15 3. The Economic Impacts of the Beer Industry The economic impacts of the beer industry in South Carolina begin with the initial direct effects that occur in the wholesale trade sector via the distribution of beer and in the retail sector via the final sales of beer. As outlined in detail in Appendix A to this report, the Division of Research has calculated that final beer sales totaled nearly $758 million in These sales are spread across various types of retail outlets and eating and drinking establishments. These sales at the retail level are used as the inputs to the economic impact model to determine the resulting total benefits. At the wholesale level, distributors employed a total of 1,511 workers in This direct level of employment in the wholesale sector is used as the input for the model to determine the total benefits related to the distribution of beer in South Carolina. The indirect and induced economic benefits then ripple across the entire economy, affecting every sector in South Carolina. The purpose of this section is to detail these total economic benefits in terms of both the magnitude and the distribution across sectors. This examination is organized according to the three measures of economic activity: output, employment, and labor earnings. All output and earnings impacts are presented in terms of 2002 dollars. That is, the direct, indirect and induced impacts that are generated using data from the 1997 Economic Census are all adjusted to reflect the rate of inflation between 1997 and This adjustment only corrects for changes in prices of all goods and services in the economy, it does not inflate the numbers based on any beer industry growth that may have occurred since Therefore, these dollar figures all represent the contribution of the beer industry to the economy today, based on the size of the industry as of Any real growth in the industry since that time would translate into even larger economic impacts today. Economic Output Impacts The level of economic activity at the retail and wholesale levels attributable to the beer industry constitutes the direct impacts on output. In terms of 2002 dollars, this direct output impact totals just over $1 billion annually. Figure 7 provides the level of indirect and induced output impacts arising from this initial direct impact. The indirect impacts, representing the interindustry linkages between the directly affected trade sectors and their suppliers, amount to $382.4 million annually. The induced output impacts working through the spending and re-spending of household income account for an additional $192.5 million each year. 10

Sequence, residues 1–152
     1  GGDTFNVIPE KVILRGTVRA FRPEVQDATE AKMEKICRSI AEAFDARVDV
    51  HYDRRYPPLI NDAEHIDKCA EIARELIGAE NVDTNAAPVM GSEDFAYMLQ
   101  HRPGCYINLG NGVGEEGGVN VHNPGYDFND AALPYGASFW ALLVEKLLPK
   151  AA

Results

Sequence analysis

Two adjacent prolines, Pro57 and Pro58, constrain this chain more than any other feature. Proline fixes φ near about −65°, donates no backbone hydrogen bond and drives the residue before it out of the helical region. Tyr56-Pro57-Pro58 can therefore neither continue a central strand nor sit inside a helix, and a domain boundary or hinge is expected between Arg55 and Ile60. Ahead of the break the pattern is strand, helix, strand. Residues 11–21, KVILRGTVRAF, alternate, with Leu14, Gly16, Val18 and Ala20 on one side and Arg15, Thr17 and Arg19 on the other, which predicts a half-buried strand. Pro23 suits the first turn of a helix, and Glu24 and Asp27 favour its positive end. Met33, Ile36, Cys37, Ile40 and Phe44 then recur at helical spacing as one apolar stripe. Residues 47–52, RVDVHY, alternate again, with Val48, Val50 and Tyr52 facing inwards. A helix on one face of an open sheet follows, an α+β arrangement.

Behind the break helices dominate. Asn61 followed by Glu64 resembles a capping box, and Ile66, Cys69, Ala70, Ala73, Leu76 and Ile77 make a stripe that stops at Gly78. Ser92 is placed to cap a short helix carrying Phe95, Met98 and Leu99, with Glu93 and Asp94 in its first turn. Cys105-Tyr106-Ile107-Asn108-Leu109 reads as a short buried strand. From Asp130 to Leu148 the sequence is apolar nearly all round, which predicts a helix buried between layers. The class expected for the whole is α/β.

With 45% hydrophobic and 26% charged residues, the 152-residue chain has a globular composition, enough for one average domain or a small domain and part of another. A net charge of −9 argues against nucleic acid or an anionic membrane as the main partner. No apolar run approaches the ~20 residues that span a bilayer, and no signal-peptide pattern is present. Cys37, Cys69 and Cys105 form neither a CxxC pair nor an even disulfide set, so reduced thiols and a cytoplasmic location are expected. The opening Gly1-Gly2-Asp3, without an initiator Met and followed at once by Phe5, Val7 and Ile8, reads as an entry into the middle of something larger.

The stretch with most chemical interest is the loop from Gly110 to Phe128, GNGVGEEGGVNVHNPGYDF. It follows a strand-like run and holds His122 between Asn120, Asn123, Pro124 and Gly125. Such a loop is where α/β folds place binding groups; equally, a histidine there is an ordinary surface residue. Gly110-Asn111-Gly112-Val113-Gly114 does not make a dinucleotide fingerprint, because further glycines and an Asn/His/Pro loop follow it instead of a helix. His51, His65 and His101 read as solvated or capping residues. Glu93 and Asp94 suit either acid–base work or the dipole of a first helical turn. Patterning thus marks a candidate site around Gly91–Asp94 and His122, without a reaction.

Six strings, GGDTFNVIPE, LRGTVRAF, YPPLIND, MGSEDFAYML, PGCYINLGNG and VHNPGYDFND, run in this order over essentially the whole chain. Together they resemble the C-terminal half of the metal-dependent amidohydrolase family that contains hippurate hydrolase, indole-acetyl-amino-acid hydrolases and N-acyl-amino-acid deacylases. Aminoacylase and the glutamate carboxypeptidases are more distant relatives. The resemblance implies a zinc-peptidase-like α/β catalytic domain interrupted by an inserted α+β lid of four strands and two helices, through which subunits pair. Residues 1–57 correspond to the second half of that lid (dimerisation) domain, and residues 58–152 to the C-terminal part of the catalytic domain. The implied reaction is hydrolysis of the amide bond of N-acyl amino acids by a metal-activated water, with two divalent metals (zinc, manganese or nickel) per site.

16 Figure 7. Output Impacts of the Beer Industry in South Carolina $millions $1,600 $1,400 $1,200 $1,000 $800 $600 $400 $200 $0 $1,578.6 $1,003.7 $382.4 $192.5 Direct Indirect Induced Total All values are in terms of 2002 dollars. Summing these impacts yields a total contribution to economic activity in South Carolina of nearly $1.6 billion annually. This is the level of economic activity that is directly and indirectly supported by the beer industry in South Carolina each year. These results imply that the economic output multiplier for South Carolina s beer industry is just less than 1.6. That is, every dollar directly spent on beer at the wholesale or retail level supports an additional 60 cents of spending via the economic ripple effects. The direct activities at the wholesale and retail level occur in every part of the state. The indirect and induced economic benefits similarly spread geographically across South Carolina, helping support economic activity in both urban and rural communities. Another way in which these economic benefits are dispersed throughout the economy is in terms of the impacts across different industries in the state. While the state-level data on beer sales and distribution do not allow for a precise geographic breakdown of the impacts, they do result in estimates of the impacts by sector of the economy. This industry-level detail is given in Table 1. This table shows how the direct, indirect, induced and total impacts on economic output are distributed across sectors. The direct output impacts are clearly centered within the state s trade sectors, including eating and drinking establishments, grocery stores, other retail outlets such as gas stations, wholesale trade (beer distribution), and accommodations. Beyond these direct effects, however, the indirect and induced impacts are felt in every sector of the 11